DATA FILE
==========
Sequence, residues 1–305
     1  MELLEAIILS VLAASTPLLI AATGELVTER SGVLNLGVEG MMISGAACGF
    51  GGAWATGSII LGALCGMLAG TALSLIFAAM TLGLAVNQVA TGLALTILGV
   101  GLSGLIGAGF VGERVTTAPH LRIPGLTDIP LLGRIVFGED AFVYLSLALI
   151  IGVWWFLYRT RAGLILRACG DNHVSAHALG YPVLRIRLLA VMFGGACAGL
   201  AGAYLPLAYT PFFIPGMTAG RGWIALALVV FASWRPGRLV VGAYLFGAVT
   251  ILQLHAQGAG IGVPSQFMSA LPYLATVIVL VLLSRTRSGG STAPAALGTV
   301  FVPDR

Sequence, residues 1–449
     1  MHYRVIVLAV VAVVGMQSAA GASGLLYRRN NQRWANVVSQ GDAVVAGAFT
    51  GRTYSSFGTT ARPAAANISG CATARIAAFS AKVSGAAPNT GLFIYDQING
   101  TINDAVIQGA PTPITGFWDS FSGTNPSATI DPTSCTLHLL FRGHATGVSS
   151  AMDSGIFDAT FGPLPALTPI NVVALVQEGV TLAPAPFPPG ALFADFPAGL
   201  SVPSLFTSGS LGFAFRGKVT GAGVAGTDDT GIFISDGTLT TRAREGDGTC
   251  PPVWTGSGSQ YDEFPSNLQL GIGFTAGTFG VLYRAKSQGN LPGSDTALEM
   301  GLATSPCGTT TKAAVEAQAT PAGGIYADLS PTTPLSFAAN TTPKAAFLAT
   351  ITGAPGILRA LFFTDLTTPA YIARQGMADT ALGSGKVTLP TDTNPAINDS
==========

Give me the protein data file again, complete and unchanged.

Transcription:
Sequence, residues 1–305
     1  MELLEAIILS VLAASTPLLI AATGELVTER SGVLNLGVEG MMISGAACGF
    51  GGAWATGSII LGALCGMLAG TALSLIFAAM TLGLAVNQVA TGLALTILGV
   101  GLSGLIGAGF VGERVTTAPH LRIPGLTDIP LLGRIVFGED AFVYLSLALI
   151  IGVWWFLYRT RAGLILRACG DNHVSAHALG YPVLRIRLLA VMFGGACAGL
   201  AGAYLPLAYT PFFIPGMTAG RGWIALALVV FASWRPGRLV VGAYLFGAVT
   251  ILQLHAQGAG IGVPSQFMSA LPYLATVIVL VLLSRTRSGG STAPAALGTV
   301  FVPDR

Sequence, residues 1–449
     1  MHYRVIVLAV VAVVGMQSAA GASGLLYRRN NQRWANVVSQ GDAVVAGAFT
    51  GRTYSSFGTT ARPAAANISG CATARIAAFS AKVSGAAPNT GLFIYDQING
   101  TINDAVIQGA PTPITGFWDS FSGTNPSATI DPTSCTLHLL FRGHATGVSS
   151  AMDSGIFDAT FGPLPALTPI NVVALVQEGV TLAPAPFPPG ALFADFPAGL
   201  SVPSLFTSGS LGFAFRGKVT GAGVAGTDDT GIFISDGTLT TRAREGDGTC
   251  PPVWTGSGSQ YDEFPSNLQL GIGFTAGTFG VLYRAKSQGN LPGSDTALEM
   301  GLATSPCGTT TKAAVEAQAT PAGGIYADLS PTTPLSFAAN TTPKAAFLAT
   351  ITGAPGILRA LFFTDLTTPA YIARQGMADT ALGSGKVTLP TDTNPAINDS